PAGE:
The “classic” memory agenda that used to emphasize murders, massacres, disappearances, and other human rights violations had the potential to gain social rejection and simultaneously become audible to some parts of the societies. The emphasis made on the clearer effects of violence in individuals and communities was very useful to create the “Never More” paradigm. Nevertheless, due to its inordinate scale, this violence was increasingly haunted by a past aroma, and remembered in symbolic dates and less and less useful to understand numerous burning issues from our present times. Due to the way it has been created as a social field, memory has not only progressively been challenged by parts of our societies but has also been turning away from several sectors’ needs and concerns, such as (depending on country) popular classes, indigenous peoples, factory workers, young unemployed people, among others.
We need a memory of our recent past, as it could be useful to understand inequality, urban and regional segregation, racism, extractivism and other controversial issues from our contemporary history. In order to do this, we should consider a memory able to include insights about the way violence has modified and, in a certain way, defined our ideas about issues like citizenship, cities configuration, public space, progress, development, agricultural or industrial production, poverty, environment, slums dynamics, frontiers, or national sovereignty.
This new memory perspective is linked to a new definition of violence that underlies the fact that violence not only “destroys” people’s lives, social organizations, social or natural environments; violence also creates, produces and generates new territories, landscapes, spatial configurations and, in consequence, new societies.
In my own comparative research work with indigenous peoples in Argentina, Colombia, and Guatemala, I found plenty of examples that show how violence practices indigenous peoples have been subjected to are far more complex and diverse than direct violence. Violence can be materialized in regional planning projects like the “Aldeas Modelos” one, implemented in the 1980’s in Guatemala: indigenous were forced to settle in the context of counter-insurgency policies. On their part, during the last dictatorship (1976-1983) qom indigenous peoples in Argentine Chaco region underwent a set of policies oriented to transform them into “truly Argentine citizens”, productive, “domesticated” and respectful of government. The social production of these “new men” was accompanied by a set of spatial policies in the region: infrastructure works, nationalistic commemorations of region’s colonization, a massive plan for changing places’ names – mostly to include military hero names, and large-scale actions to destroy nature with agricultural purposes.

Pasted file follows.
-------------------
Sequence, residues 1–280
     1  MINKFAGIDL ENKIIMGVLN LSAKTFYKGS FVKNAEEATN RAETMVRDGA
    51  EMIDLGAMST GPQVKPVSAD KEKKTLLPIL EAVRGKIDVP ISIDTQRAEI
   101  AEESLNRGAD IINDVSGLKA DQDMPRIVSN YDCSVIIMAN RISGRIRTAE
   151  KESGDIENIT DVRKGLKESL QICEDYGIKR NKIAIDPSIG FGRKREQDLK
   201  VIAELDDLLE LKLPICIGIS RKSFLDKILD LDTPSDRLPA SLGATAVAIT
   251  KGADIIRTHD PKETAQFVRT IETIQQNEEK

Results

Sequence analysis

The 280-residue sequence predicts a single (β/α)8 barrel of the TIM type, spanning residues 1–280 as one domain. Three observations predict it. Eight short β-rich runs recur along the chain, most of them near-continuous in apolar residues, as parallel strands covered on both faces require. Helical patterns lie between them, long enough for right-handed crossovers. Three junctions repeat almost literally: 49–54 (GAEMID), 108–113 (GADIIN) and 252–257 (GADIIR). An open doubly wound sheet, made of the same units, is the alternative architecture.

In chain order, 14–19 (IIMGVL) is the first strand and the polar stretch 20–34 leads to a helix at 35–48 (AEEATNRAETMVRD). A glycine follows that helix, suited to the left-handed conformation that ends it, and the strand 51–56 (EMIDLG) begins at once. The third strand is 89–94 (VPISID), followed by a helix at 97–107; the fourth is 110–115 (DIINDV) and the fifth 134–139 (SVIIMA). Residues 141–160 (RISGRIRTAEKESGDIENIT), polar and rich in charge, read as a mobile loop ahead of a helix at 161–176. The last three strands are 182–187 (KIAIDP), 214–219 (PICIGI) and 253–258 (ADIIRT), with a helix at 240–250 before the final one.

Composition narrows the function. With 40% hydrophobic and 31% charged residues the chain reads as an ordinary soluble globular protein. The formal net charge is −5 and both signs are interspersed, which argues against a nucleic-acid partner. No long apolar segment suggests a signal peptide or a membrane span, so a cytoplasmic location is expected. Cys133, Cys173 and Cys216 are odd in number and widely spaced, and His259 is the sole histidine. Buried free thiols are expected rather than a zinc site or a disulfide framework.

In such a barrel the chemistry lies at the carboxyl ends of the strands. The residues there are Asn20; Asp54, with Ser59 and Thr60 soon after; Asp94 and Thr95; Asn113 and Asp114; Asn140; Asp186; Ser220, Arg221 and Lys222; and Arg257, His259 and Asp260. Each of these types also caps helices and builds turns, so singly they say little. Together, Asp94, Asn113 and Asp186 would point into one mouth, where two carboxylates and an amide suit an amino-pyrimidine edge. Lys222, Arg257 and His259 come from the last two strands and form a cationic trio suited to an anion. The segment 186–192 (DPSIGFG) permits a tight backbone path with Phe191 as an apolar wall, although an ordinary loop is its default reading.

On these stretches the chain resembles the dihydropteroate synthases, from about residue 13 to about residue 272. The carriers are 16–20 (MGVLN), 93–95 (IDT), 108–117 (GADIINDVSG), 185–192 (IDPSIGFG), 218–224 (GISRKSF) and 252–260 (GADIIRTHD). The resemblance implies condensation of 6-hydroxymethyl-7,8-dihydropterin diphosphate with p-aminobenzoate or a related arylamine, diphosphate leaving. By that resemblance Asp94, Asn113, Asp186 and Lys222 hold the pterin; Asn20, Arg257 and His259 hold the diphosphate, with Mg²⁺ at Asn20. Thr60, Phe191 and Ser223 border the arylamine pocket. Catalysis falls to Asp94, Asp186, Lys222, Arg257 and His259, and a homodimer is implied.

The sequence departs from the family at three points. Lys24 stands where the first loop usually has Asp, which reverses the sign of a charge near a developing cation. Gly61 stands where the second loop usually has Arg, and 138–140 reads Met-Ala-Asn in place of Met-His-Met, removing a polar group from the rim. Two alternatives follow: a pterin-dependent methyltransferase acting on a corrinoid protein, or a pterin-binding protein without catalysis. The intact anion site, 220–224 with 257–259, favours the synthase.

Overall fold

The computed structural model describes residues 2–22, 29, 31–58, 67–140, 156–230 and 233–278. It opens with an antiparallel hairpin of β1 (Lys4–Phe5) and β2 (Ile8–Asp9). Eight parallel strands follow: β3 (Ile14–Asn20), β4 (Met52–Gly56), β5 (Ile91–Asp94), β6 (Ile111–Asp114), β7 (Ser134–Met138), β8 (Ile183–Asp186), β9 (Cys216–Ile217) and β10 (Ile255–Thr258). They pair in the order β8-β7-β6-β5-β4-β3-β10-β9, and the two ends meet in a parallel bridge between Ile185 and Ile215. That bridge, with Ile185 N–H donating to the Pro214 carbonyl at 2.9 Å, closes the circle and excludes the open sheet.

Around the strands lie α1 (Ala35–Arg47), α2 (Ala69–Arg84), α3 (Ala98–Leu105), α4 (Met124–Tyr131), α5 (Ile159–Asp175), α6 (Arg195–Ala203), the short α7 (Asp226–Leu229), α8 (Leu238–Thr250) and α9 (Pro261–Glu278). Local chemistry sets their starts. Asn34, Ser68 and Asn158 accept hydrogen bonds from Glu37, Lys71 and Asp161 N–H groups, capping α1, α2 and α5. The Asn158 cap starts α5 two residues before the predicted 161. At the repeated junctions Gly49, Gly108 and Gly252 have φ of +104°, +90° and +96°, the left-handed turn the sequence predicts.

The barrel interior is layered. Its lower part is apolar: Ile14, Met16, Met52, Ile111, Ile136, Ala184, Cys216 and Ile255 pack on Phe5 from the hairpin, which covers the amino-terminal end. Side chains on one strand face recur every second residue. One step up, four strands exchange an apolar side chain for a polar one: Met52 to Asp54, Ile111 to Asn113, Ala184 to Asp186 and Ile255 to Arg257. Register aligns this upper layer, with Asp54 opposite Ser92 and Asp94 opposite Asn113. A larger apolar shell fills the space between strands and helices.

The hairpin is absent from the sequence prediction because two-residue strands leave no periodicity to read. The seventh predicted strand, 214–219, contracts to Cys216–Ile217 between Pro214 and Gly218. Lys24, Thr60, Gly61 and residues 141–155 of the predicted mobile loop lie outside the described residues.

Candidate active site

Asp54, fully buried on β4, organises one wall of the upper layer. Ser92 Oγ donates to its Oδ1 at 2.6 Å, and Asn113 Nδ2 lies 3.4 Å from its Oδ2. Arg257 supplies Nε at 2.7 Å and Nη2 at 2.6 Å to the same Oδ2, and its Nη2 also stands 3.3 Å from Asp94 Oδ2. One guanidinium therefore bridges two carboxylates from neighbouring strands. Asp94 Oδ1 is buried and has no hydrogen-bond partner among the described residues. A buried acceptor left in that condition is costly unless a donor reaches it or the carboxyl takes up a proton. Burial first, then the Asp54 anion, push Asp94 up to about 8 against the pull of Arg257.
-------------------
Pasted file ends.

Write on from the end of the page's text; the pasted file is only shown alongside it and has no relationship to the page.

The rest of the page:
Finally, in Colombia, besides direct violence, indigenous peoples are suffering today the consequences of systematic governmental authorizations —given in the context of armed conflict— to extractive industries for mining purposes in their territories, thus radically transforming, polluting and degrading them.
Those cases are clear examples of socio-spatial violence practices that harm indigenous peoples individually and collectively, and threaten their existence as a people. Research work made on memory, on the links between violence and neoliberal mining activities, infrastructure works, nature destruction and regional planning is therefore central.
These ideas could be extended to other populations and be useful to understand the present effects of government practices in contexts of State violence, as well as to think about more radical, extensive and transformative practices of justice.
Carlos Salamanca is a Colombian architect and anthropologist. He is a Research Fellow at Consejo Nacional de Investigaciones Científicas y Tecnológicas (CONICET) in Argentina.